New Riverside Park Stormwater Greenway project adds trails, wetland areas
HOPEWELL — By this summer, Riverside Park will have a whole new look.
Formerly called Jaycee Park, this recreation space once included pavilions and trails through the vast wooded wetland area that sits between what residents know now as Riverside Park and the Appomattox Cemetery.
Sometime in the 1960s or 1970s, Stormwater Program Manager Joe Battiata said, the natural space fell into disrepair.
“All of that infrastructure is gone,” Battiata said. “We have found pipes and things in there ... it became a trash dump, it became a preferred party location.”
And property owners were constantly calling the police for what they referred to as “squatters,” he said, “because they would pitch tents and be there all summer long.”
Not to mention the huge slabs of concrete rubble, possibly left behind after Route 10 construction, and the 50 or 100 abandoned tires that crews have removed from the site.
The Riverside Park Stormwater Greenway project is in the process of re-manicuring the space and adding walking trails back through the area. Plans are also in the works to add a boardwalk to the tidal wetland area nearest the marina.
This project could also improve the health of the Chesapeake Bay watershed.
“The project has created a unique opportunity to not only add recreational trails in a natural setting, but will also provide environmental education on the importance of stormwater management and how floodplains protect our rivers,” said Director of Recreation and Parks Aaron Reidmiller.
Indeed, signs along the boardwalk and throughout the park will label the types of plant life and explain to visitors the importance of the project’s ultimate goal: to reattach the stream that runs through the park back to its floodplain.
A floodplain is the area next to a river or stream that helps catch and slow down the water that descends into the river during a storm.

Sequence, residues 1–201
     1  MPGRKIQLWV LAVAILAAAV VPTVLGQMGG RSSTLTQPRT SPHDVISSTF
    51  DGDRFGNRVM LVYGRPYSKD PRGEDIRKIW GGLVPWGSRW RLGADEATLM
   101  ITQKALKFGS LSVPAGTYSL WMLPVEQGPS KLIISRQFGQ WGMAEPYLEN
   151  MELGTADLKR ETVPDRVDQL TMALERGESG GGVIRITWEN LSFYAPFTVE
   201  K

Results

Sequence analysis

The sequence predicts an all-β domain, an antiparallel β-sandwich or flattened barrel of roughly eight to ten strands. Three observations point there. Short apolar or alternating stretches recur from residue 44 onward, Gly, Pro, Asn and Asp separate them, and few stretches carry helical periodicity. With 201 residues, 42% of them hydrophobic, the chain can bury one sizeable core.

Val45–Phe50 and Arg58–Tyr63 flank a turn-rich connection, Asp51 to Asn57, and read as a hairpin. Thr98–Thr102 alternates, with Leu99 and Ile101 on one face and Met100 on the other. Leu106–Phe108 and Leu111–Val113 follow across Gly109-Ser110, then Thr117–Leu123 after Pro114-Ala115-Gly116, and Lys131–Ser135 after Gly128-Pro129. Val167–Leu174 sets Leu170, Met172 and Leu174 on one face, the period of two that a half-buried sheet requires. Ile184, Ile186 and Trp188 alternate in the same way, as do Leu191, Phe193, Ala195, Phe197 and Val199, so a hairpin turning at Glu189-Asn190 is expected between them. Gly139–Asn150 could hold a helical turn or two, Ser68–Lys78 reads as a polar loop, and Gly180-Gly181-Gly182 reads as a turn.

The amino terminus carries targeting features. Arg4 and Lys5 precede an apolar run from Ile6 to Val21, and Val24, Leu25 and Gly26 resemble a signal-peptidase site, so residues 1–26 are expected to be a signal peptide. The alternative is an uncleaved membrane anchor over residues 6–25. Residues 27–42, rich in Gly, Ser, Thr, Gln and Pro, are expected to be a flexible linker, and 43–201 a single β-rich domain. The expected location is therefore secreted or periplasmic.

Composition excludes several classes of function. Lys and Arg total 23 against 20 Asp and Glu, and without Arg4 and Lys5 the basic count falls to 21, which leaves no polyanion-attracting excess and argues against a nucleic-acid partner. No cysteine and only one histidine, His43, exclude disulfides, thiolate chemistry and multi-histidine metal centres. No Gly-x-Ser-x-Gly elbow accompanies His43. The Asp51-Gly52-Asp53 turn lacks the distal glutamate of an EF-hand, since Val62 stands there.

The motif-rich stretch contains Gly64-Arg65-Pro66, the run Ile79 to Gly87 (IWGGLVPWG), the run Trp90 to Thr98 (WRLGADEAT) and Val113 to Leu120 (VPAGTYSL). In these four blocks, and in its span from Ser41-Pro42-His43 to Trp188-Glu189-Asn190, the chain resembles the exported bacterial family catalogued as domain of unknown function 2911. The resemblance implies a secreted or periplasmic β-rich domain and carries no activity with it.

If a stream is not attached to its floodplain, the storm waters can reach great speeds and carve the stream channel deeper and wider, causing erosion issues and shuttling pollutants more quickly into the next body of water — in this case, the Appomattox and James Rivers, major tributaries of the Chesapeake Bay watershed.
This is exactly what’s happened with this stream since the development of Hopewell. For a long time, when it rained, 296 acres of urbanized land funnelled their water, trash and chemical runoff into this point at speeds that scoured the bare dirt sides.
This project builds a new, shallower channel for the stream to pass through, Battiata said, with stream features like rock crossvanes and log sills — structures that stabilize the body of water, directing it where to go and controlling how deep the waters can cut before spilling out into newly crafted wetland areas.
“If you have two fixed points, the stream won’t erode below those points because it’ll lose all its energy,” Battiata explained. “If it scours a hole, but has to come back up to get over the next crossvane, it’ll just hold water.”
The new wetland pockets, in several cases, sit where the stream used to flow. Crews have dug out spaces where overflow waters can pool, slowing the momentum of the water towards the rivers and allowing them to naturally filter out phosphorus, nitrogen and sediment.
There are also trash vaults that capture debris before it can flow down into the stream, and crews are building what’s known as a regenerative stormwater conveyance, which creates step-pools that filter water down through a sand and wood chip mixture.
This project was made possible by a number of grants, including a $1,274,233 award from the Virginia Department of Environmental Quality and matched dollar-for-dollar by the City of Hopewell, monies made available for the purpose of restoring the health of the Chesapeake Bay watershed.
The City also received $70,000 from the Chesapeake Bay Foundation and just recently secured another $450,000 from the National Fish and Wildlife Foundation, which will help expand the project and add the boardwalk element.
“The attitude always was, ‘Water: just get it out of here as fast as possible,’” Battiata said of past stormwater philosophies. “‘Don’t worry about where it goes or what it does, just get it to the river.’ Everyone flushed their toilets to the river. All of that thought process now has put us in a different mindset.”
• Kate Gibson can be reached at email@example.com or 804-722-5162.